[text reads “Remember the target audience. Just because you like the show, doesn’t mean you can take over.” Picture is Twilight smiling at Scootaloo, Sweetie Belle, and Apple Bloom]

No, the show isn’t for grown men just because some vocal ones like to crow their love for the show from the rooftops. It’s for little girls. When voice actors speak at conventions, make sure the children get to hear them. Don’t ask crass questions. If you see kids dawdling around the toys, let them. Don’t demand the show cater to you. Grown men get most of the entertainment, so let someone else have something for once. It is not insulting men to say that a show isn’t for them, it’s just a fact.

[text reads “You don’t have to defend someone just because they’re a Brony.” Image is Applejack, Apple Bloom, and Spike looking startled/horrified.]

You are certainly under no obligation to defend someone just because they’re a Brony. Bronies, like any human, are capable of doing terrible things. Defending them just because they like the same show as you will not do you or the fandom any favours.

[text reads “Sticking horse-related words in everything gets tiresome very quickly.” Image is an enthusiastic Rainbow Dash at a podium while Twilight is standing beside her, annoyed.]


It’s also a terrible way to get your point across. If you start calling “everypony” or “fillies and gentlecolts”, or start replacing human anatomy with horse anatomy, you’re going to sound very ridiculous and not get your point across.

And if you have no point, you should still stop before you annoy and alienate people. Not everyone is in on these cutesy games.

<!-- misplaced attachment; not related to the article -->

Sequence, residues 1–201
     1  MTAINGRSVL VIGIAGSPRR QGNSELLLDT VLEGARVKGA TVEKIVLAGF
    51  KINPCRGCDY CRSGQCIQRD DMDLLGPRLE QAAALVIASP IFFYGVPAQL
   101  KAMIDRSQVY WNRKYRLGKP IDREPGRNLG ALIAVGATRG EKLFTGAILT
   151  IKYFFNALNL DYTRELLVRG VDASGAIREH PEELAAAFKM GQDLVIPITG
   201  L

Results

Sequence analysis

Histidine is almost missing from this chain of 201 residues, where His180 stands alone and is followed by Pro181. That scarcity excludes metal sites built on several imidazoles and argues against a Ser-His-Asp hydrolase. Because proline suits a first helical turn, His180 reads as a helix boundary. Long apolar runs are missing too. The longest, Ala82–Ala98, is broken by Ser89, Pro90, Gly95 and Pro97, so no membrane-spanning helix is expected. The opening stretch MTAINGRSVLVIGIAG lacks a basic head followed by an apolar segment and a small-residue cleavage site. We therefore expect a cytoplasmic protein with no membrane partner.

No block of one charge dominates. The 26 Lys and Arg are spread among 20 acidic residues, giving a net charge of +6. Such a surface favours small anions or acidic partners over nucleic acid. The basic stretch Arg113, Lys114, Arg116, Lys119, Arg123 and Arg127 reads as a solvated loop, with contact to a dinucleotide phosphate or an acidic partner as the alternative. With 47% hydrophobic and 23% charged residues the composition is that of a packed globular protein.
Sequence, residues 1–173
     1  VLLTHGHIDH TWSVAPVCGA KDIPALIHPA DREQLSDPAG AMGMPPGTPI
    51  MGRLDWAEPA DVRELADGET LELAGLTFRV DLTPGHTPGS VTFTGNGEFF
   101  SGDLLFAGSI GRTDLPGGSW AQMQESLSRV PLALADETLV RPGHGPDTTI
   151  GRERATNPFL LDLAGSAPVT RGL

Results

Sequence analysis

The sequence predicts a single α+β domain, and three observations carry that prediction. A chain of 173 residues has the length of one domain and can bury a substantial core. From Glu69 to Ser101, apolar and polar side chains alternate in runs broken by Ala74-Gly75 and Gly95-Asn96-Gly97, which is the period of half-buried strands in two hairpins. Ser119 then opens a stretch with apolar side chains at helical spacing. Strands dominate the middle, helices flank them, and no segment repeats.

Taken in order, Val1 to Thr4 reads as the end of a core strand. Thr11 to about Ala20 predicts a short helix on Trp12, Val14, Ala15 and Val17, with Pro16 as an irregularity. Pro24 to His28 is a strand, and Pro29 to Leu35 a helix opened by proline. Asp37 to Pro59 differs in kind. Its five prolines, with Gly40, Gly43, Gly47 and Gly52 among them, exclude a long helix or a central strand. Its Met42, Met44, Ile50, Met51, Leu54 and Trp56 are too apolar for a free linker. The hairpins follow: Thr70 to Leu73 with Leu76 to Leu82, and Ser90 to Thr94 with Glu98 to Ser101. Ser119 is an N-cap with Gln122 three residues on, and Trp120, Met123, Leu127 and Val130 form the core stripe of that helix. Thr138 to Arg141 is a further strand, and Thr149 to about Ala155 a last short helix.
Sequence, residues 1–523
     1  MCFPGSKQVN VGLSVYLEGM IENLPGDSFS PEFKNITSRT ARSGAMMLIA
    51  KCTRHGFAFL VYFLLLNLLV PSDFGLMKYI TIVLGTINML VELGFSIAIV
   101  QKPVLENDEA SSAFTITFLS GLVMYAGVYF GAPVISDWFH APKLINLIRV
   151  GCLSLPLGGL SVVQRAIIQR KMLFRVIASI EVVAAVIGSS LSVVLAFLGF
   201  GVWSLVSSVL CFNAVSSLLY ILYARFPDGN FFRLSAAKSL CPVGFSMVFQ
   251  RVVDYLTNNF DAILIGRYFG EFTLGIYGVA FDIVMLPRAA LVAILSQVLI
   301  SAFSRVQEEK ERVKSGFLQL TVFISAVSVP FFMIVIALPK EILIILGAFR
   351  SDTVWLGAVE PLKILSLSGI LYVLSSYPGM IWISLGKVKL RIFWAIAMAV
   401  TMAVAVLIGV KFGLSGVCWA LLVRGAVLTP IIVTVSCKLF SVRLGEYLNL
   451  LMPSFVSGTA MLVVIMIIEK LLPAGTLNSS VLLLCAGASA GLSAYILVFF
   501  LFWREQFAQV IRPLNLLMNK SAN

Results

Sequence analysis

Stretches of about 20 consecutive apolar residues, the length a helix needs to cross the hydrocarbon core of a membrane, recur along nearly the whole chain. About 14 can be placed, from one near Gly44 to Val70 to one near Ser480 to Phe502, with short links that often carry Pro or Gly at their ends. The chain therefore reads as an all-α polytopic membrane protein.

[text reads “Not everything is a shoutout to Bronies.” Image is Pinkie Pie with her hair down, sitting among a flour sack, pile of rocks, and a turnip bucked wearing party hats. And a cake.]

No, “Party of One” was not a shoutout to an infamous gory fan fiction. Not only are writing staff not supposed to read that sort of thing, but the story was written before the Brony fanbase came out. And yes, there are sometimes references to things more geared at adults, but that’s nothing do. Disney’s Aladdin did this a lot with their Genie character, but it was still a kids’ movie.

[Text reads “Your small, awesome, insular circle of brony friends is not indicative of the community as a whole.” Image is a group of ponies, mostly pegasi, walking in a group triumphantly, lead by Twilight Sparkle and Spike. Fluttershy is being hoisted up by two pegasi.]

I don’t mean this sarcastically. I know how sometimes, if you have a group of really cool friends, most of whom are members of an oft-maligned group (furries could be another example), it can be really easy to disbelieve the common stereotypes that float around about those groups. What are people talking about, members of _____ fandom aren’t all weirdos! All my friends are _____ and everyone is cool as heck! Where do these stereotypes COME from?!

Hint: It’s not nowhere. Congratulations, you and your friends managed to forge a small social circle made up of nothing but cool people who don’t share the endemic problems of the larger social group. That’s really cool (honest)! But it doesn’t speak of the larger problems in those fandoms. Y'all are exceptions.